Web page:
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VFD for Compressor in oil and gas industry

Large compressors and pumps are the backbone of the oil and gas industry. Compressor systems are found in applications such as gas pipeline boosting stations, refrigeration trains at liquefied natural gas (LNG) plants, and a variety of applications in petrochemical plants, and refineries.

Today, installations that use large axial flow or centrifugal compressors commonly have gas turbines as the prime mover. Gas turbines can run at high speed and have the convenience of using natural gas for fuel, which is often available at the site. Electric helper motors have been used in tandem to start the turbine and to provide additional power when the turbine power declines to less than the process demands.

In the past, large compression systems utilized only reciprocating engines or steam turbines as the prime movers. The advent of the gas turbine with power ranges of 10 – 100 MW led to today's situation where most compressor systems in this power range have a gas turbine prime mover.

Beginning in the late 1990's designs of VFD (Variable Frequency Drive) made it practical to use electric motors up to 100MW. Since then, large electric motors with VFDs have begun replacing gas and steam turbines for driving large compressors. In spite of power, speed, and fuel advantages of turbines as prime movers, the trend to electric motors and VFDs is accelerating and this paper discusses some reasons why the change makes economic sense.

Summary of variable frequency drive plus Electric motor advantages over a Gas Turbine
As highlighted earlier, the past experience of large compression systems has been using mechanical prime movers such as gas turbines. There has to be strong advantage in order to replace a mechanical prime mover in an industry where the operators and engineers have such a long history of mechanical expertise and experience. The advantages must translate into monetary and operational enhancement. The benefits of using VFDs are:
  • Reduced downtime because gas turbines require frequent maintenance while VFDs and motors require very little maintenance. This enables more production, lower maintenance expense, and improved productivity.
  • Accurate speed control and process control allowing the most optimum plant flow balance to be obtained.
  • Lower energy costs because the VFD and motor has a higher efficiency than most gas turbines, especially at part load.
  • Zero CO2 and NOX emissions at the operating station and greatly reduced noise. This feature often makes electric prime movers the only selection in applications near urban regions or regions with existing air quality problems.
  • Independent of ambient temperature. Gas turbines generate less power when the inlet air temperature rises since the air density is reduced and less oxygen reaches the combustion chambers. VFDs and motors are not affected by temperature.
  • Lower capital equipment, spare parts and maintenance cost.
  • Lead times of 9 - 12 months, depending on the motor design. Compared to a mechanical prime mover which can have 18 month lead time, this shorter lead time allows for a quicker production revenue gain.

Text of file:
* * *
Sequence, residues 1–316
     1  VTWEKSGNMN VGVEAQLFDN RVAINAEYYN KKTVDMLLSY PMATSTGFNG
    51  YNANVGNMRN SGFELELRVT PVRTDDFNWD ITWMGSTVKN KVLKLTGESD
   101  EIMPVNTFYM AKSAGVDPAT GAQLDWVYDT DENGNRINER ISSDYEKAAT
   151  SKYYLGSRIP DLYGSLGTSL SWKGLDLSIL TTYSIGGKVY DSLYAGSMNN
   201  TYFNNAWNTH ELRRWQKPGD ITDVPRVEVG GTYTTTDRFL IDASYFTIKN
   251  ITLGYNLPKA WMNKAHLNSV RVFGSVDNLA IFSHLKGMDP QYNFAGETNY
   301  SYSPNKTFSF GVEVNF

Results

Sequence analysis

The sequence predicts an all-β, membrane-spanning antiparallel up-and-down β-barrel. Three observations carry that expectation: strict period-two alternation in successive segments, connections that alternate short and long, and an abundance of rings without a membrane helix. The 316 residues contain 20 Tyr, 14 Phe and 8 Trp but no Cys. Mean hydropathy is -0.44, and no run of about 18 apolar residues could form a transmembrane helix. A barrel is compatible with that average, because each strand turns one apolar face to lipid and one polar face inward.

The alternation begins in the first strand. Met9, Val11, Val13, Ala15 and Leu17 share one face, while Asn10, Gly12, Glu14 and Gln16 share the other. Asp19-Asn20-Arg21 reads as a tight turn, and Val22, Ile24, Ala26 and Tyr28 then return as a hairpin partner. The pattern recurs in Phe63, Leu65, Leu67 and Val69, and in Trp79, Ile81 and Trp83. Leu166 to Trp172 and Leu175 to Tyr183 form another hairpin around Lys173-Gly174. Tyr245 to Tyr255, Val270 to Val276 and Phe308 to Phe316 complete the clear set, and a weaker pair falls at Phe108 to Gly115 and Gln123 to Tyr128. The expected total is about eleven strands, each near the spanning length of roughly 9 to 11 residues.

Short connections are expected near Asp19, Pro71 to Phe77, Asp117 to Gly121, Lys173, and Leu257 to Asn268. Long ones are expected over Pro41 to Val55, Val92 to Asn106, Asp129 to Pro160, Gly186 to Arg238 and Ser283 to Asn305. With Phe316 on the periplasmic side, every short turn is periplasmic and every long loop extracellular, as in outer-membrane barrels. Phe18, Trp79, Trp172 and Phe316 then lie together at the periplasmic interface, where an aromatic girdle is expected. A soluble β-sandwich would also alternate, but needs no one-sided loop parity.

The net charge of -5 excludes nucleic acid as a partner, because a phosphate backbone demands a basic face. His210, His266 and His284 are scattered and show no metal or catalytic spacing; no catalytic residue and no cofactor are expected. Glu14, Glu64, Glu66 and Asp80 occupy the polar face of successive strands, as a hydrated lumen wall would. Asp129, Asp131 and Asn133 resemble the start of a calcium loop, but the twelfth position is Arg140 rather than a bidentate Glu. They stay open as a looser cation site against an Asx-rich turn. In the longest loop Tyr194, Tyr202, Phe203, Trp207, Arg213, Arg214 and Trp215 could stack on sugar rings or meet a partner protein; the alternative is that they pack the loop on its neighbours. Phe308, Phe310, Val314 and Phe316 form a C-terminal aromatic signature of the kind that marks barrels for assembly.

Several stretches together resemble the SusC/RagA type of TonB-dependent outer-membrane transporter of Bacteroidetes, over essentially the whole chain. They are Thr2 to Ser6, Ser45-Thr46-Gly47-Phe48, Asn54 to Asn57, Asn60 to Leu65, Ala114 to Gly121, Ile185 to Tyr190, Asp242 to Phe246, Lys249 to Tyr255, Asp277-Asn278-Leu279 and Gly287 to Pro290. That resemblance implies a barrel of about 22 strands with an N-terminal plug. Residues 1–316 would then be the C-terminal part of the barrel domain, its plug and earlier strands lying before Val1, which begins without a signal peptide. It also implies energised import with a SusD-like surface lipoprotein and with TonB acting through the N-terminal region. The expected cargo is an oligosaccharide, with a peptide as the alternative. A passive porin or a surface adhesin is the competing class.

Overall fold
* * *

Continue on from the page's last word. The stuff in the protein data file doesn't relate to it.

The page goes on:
A typical gas turbine driven compressor train is shown in Figure 1. The electric helper motor rotates the turbine up to speed creating pressure in the combustion chambers. The gas burners are ignited and the compressor is loaded up. Power and speed are adjusted by opening and closing the gas valves to regulate fuel. Once the gas turbine has reached rated power, the starter motor is not required. However, the electric motor can be brought online as a helper when the turbine power declines to less than demanded by the process. A variable frequency drive, not shown in the figure, is used to smoothly start the helper motor.
Compressor Drive System
Figure 1. Compressor Drive consisting of Gas Turbine and Electric Starter/Helper Motor

Compressor Variable Frequency Drive
In Figure 2, an electric motor is started and run by a VFD. The starting current is controlled so that no large inrush occurs, which can result in overheating in the motor and a dip in the supply voltage. This capability of limiting inrush will save operations significant electrical charges. Generally, synchronous motors are employed for compressor power levels greater than 15 MW, though induction motors now range up to 25 MW. A speed increasing gearbox is typically required for standard speed motors like 1500/1800 rpm or 3000/3600 rpm motors. One of the advantages of using variable frequency drives on motors is that in many cases, the gear box can be eliminated by specifying a super high speed motor. Without a gearbox, the system efficiency increases 2%, however, there are tradeoffs with speed, cost, and power that have to be considered in order to determine if this is the best approach for the application.
VFD compressor system
Figure 2. Compressor Drive consisting of a VFD and Synchronous Motor

The two-pole motor shown in Figure 2 has a rated maximum speed of 4600 rpm for a 76.7 Hz input frequency, and is a direct drive solution with no gearbox. By using a high speed motor design with a variable frequency drive, motor speeds of up to 12,000 rpm can be achieved. Because the variable frequency drive controls the output speed, voltage, and motor torque, optimum control of the process is possible. Also, because the variable frequency drive has complete control of the load torque across the entire speed range, it is possible to start the process under loaded conditions. This enables the end user to avoid the gas being recycled, flared, or released in the atmosphere while the system is being started up. Sometimes these savings can be several hundred thousand dollars.

Energy Consumption
The main operating expense of the plant is the cost of fuel. This can be illustrated by comparing the thermal efficiencies of the turbine and the VFD system as shown below in case 1 and 4. The VFD system has a 95% efficiency and the industrial gas turbine has a 36% efficiency. The higher the efficiency, the lower the fuel expense.